Endeavor White Paper 2013: The State of Entrepreneurship in South Africa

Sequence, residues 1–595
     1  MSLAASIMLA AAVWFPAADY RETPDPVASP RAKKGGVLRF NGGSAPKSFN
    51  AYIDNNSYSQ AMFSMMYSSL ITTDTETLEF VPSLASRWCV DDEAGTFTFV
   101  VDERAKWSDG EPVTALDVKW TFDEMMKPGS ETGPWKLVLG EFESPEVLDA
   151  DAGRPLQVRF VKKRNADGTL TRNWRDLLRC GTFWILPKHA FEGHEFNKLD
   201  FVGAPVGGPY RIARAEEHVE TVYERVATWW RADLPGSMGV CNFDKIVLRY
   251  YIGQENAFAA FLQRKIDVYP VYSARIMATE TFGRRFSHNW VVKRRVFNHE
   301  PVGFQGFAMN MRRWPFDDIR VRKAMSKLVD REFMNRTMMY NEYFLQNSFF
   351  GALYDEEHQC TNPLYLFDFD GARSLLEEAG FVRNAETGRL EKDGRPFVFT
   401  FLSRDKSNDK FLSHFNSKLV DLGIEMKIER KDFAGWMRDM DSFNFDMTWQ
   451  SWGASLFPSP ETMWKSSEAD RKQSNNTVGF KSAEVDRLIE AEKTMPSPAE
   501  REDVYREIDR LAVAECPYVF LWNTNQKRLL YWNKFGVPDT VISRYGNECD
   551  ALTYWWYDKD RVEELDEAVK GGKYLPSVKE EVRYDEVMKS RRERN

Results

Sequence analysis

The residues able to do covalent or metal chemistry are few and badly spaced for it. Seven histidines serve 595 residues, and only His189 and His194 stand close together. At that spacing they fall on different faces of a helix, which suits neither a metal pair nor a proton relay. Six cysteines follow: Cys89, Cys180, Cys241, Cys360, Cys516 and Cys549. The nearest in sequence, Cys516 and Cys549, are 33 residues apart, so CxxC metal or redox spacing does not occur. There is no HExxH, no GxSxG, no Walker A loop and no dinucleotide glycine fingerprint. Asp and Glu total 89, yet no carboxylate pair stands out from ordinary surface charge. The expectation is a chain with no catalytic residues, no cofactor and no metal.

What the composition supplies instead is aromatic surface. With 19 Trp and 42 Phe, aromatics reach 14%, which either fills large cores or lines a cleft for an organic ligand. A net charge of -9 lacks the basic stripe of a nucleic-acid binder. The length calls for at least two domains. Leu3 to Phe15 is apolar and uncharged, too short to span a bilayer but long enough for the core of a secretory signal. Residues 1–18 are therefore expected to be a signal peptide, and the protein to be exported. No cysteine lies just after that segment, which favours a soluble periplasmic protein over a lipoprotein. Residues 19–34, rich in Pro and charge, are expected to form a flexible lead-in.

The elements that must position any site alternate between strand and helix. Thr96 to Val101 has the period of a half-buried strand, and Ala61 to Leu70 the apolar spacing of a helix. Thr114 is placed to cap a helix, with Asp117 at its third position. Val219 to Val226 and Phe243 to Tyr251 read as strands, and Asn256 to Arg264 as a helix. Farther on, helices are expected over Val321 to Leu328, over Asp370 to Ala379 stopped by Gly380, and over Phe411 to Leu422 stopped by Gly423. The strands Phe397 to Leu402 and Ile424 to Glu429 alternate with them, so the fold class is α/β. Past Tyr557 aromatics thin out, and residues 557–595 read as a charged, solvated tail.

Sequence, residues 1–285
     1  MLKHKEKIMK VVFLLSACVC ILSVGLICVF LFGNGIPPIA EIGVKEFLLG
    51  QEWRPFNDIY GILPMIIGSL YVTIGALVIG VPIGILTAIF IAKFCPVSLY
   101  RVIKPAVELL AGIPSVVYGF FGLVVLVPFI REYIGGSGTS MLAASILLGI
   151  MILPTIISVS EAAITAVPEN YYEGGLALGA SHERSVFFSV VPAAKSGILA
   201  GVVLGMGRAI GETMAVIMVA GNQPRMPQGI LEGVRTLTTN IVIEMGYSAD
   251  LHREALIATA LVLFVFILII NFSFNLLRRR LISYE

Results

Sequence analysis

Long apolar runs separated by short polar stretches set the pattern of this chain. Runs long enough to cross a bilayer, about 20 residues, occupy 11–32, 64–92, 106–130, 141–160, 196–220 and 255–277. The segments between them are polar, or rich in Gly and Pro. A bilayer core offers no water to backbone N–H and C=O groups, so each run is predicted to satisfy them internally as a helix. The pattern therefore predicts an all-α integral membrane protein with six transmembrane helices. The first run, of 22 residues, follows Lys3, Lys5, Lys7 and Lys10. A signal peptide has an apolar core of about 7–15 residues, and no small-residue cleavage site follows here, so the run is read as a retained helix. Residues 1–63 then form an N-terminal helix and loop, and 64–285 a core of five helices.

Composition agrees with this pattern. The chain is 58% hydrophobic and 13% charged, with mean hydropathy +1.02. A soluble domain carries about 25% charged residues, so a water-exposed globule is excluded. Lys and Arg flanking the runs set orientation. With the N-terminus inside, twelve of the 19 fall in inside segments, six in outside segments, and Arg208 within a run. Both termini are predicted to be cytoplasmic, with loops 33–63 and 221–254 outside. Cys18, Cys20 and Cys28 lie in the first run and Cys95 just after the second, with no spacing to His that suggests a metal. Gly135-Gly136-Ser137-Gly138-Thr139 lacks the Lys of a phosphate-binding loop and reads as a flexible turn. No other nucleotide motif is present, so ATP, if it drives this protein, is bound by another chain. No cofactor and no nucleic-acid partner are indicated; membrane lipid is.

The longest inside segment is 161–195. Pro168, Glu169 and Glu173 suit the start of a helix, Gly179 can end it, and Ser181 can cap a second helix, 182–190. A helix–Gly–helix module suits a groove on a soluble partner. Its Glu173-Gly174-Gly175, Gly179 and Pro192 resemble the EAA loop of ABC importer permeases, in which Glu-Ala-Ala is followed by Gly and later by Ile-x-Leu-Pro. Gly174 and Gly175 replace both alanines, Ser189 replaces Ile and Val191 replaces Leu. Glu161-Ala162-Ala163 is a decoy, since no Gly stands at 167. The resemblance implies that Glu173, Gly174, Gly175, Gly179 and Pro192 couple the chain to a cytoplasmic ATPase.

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NETWORKING AND MENTORSHIP Entrepreneurs in the developing world face a fast-moving and competitive busi- ness environment. The speed of tech- nological change, accelerated product cycles, global competition and sophisti- cated financing strategies often demand resources and experience beyond the reach of SMMEs. This is where mentors and networks can play an invaluable role in having an enormous impact. In South Africa we face the additional challenge of changing the culture head on. We need to build not only a network of highly influential people but leaders who are committed to developing entre- preneurs at every level. In the most usual sense of the word, networking refers to the acquaintances and associates you have access to and remain in contact with through regular communication for mutual benefit. For many it answers the question, "How can I help?" rather than "What can I get?" Mentorship, on the other hand, is a rela- tionship in which personal development is the primary driver and usually involves a more experienced or more knowledge- able person helping to guide a less expe- rienced or less knowledgeable person. It is important to remember however that true mentoring is more than the odd chat over coffee. It involves an ongoing relationship of learning, dialogue and challenge. It is through these networks mentors that entrepreneurs can be given the nec- essary tools, connections and resources to scale their businesses. This includes personal consultations, mentoring, edu- cational programmes and workshops and summits that empower entrepreneurs to transform ideas into businesses and to take existing businesses to the next level. Why is networking and mentorship so important for entrepreneurs? The main reason is that most entrepreneurs are single-minded people and can sometimes find themselves becoming caught up in their own ideas. Sharing their ideas, challenges and frustrations allows them to explore a world of possibilities that may otherwise not have come to light. A formal relationship with a mentor takes this even further. Mentors help en- trepreneurs to broaden their focus, while providing the kind of advice that allows them to move ahead. The challenge for most entrepreneurs is to understand how to access multiple networks, such as financing and business opportunities, and then to engage to the mutual benefit of all parties concerned. The panel agreed that it is vital to articu- late exactly what it is that one wishes to achieve with a network or a mentor at the outset; and then to work towards building a solid relationship of trust. 16 n NETWORKING m MENTORSHIP & Successful networking is having boundaries, trust, respect, asking questions up- front and knowing what you want from the session and having the dialogue early on. Catherine Townshend "

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